Let’s face it. As much as you’d like to cook fresh food for you and your family, there are days that there is just not enough time to do so–you know: house chores, running errands, and so on. With that in mind, I studied the techniques of cooking with a plastic bag. Yes – cooking a whole meal in a plastic bag. However, you have to use an oven bag, which is actually made of nylon, that is especially designed for oven cooking. I tested the oven bags with a few dishes before writing this article. Two recipes turned out as unforgettable. I am planning to write about them in this and the next article. They truly are set-and-forget recipes that free up your day.
This recipe was inspired by the dish, Beef Brisket Pot Roast that was featured in the blog, Simply Recipe. The original version recommended using a dutch oven. However, it sounded like it could be done in an oven bag, so I tried it. I added a can of beer to the beef to create a malty, hearty, wholesome flavor.
The amounts I am listing here were used when I was testing out the recipe. If you want to cook enough to have leftovers for lunch, you may double or even triple the amounts.
Print This Post
2 lb beef brisket
1 med onions, peeled and quartered
2 C baby carrots
1 head garlic, do not peel or separate, simply wash and cut across, exposing the garlic inside
6 red-skin potatoes
2 rutabagas, peeled and cut in large pieces
Group 3, tied in a bunch
1 sprigs fresh rosemary, about 2 to 4 inch
2 sprigs thyme, about 4 inch each
1 envelops Lipton’s Recipe Secrets-Onion Soup Mix
1 tbsp all-purpose flour
1 cans your favorite beer (I used a pale ale from Trader Joes)
1 tbsp dark soy sauce, skip if you are using a dark beer
Set the oven at 350-F. Begin with the fat-side down, sear the brisket with medium high heat in a frying pan for 5 minutes. Make sure you give it a slow sizzling sear, and don’t burn the fat. Turn the brisket over and sear for another 3 minutes. Set aside. Next, wash and cut the vegetables. For a real time-saver, Trader Joe’s has pre-washed roasting vegetables packs that contain all of the vegetables and herbs mentioned above, except the rutabaga. Therefore, all you need to do is to open one bag and combine the vegetables with the rutabagas.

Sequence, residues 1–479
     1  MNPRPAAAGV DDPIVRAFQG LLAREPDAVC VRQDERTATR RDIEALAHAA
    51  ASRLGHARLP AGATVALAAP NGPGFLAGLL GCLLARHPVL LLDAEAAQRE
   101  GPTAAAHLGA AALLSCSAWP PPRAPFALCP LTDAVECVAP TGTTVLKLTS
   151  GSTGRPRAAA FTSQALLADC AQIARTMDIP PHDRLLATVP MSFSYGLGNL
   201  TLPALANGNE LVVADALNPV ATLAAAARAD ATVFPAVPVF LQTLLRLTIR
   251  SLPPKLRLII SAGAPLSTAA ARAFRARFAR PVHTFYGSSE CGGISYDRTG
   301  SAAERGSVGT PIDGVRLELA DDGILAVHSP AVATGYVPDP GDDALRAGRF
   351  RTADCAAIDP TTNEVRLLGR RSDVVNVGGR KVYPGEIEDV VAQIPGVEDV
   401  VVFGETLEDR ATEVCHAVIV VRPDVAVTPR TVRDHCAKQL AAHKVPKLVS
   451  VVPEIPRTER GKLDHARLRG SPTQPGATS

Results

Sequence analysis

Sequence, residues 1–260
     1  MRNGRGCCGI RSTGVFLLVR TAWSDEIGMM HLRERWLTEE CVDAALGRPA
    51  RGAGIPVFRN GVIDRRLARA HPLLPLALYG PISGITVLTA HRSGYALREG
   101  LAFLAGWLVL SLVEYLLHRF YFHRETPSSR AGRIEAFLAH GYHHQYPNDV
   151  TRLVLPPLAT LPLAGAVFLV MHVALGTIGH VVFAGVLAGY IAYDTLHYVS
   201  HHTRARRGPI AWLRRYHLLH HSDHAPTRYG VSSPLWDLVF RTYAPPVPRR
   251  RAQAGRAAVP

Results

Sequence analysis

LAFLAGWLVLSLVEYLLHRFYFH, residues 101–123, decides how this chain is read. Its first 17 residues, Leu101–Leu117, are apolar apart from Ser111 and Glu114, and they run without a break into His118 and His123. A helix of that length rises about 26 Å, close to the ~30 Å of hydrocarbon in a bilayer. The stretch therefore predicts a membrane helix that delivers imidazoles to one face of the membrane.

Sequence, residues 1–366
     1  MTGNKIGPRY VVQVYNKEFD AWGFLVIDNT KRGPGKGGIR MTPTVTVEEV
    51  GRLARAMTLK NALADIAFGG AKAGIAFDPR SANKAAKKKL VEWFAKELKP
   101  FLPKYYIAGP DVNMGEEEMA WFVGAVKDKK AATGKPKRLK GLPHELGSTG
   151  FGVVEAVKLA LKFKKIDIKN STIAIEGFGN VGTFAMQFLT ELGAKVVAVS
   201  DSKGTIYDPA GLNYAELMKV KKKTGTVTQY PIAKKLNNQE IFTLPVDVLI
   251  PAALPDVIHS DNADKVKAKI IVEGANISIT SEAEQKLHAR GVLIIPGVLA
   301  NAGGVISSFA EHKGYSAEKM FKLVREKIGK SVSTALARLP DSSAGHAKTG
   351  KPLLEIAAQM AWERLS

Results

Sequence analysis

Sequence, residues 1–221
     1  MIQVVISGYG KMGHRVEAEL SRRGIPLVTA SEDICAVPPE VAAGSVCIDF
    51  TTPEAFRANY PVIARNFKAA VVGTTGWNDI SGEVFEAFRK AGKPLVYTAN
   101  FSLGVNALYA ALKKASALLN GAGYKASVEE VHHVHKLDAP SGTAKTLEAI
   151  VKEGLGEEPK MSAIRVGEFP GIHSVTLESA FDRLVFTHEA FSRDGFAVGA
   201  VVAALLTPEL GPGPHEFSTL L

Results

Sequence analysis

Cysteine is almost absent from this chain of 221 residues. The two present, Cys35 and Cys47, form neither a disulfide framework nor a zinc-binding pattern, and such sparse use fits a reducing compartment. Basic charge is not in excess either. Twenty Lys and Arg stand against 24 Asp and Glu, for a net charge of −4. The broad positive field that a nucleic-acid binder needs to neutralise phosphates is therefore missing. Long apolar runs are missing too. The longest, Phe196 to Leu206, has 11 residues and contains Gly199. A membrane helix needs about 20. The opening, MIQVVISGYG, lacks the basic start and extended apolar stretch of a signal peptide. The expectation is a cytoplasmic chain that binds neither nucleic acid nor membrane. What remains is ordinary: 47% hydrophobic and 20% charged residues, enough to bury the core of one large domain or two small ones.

Putting together the bag is super easy. Open one oven bag, place it in a large mixing bowl. Spoon in the vegetables. Add groups 3, and 4. Place the beef on top of the vegetables, fat-side up as the fat protects the meat from drying out during the baking. Gently squeeze the bag around to mix the content.
Tie the bag, set it in a baking dish, and tug the tied end underneath the bag to make sure that as the bag expands, no parts touches any heating elements in the oven. Open 6 slits on the top of the bag to allow the steam to escape. Set the oven for a timed bake of 3 hours or use a separate timer. Walk away. I used the time to write this article, but you can use it to take care of your chores or to simply relax.
When done, the juice from the beef, beer, and baked vegetables all contribute to form a spectacular gravy. First, cut a small hole at the bottom corner of the bag and drain it into a container. Don’t forget to use your oven gloves to make handling safer. Next, cut around the tied area and remove the top to create a large opening. Fish out the herbs. Transfer the beef and vegetables onto a large serving platter. I poached some extra broccoli just to add some extra fresh green color on the platter.
To serve, cut the beef against the grain, combine the vegetables and drizzle the gravy with the subtle aromatics of herb and beer on top. Pair it up with some red wine.
To serve as lunch the next day, you can simply cut out some beef to make a nice pita sandwich, and reheat the baked vegetables as a side. To add extra freshness, cut up some asparagus, poach them in salted water and mix them into the baked vegetables.
To pack for lunch, try packing the gravy, beef, baked vegetables and broccoli in separate containers. At lunch time, pour the sauce over the food and enjoy.
The vegetables turned out to be outstandingly flavorful and tender. The beef was as tender as marshmallows, yet it maintained its texture.
One thing to avoid: When cooking with an oven bag, I would avoid using solid types of seasonings such as chicken or beef cubes. I tried them, and they did not dissolve at all. If you were to use them, you would want to dissolve them ahead of time in some of the liquid you plan to use.
These oven bags are my new found tools. Amazingly, for less than 60 cents per bag, it is possible to make a hearty dinner by combining the ingredients and simply leaving the kitchen. Try it with different types of beer or wine to suit your tastes – you may like it too.
~Have you eaten yet?
You may also be interested in reading this article:
Beef Brisket Pot Roast by Simply Recipes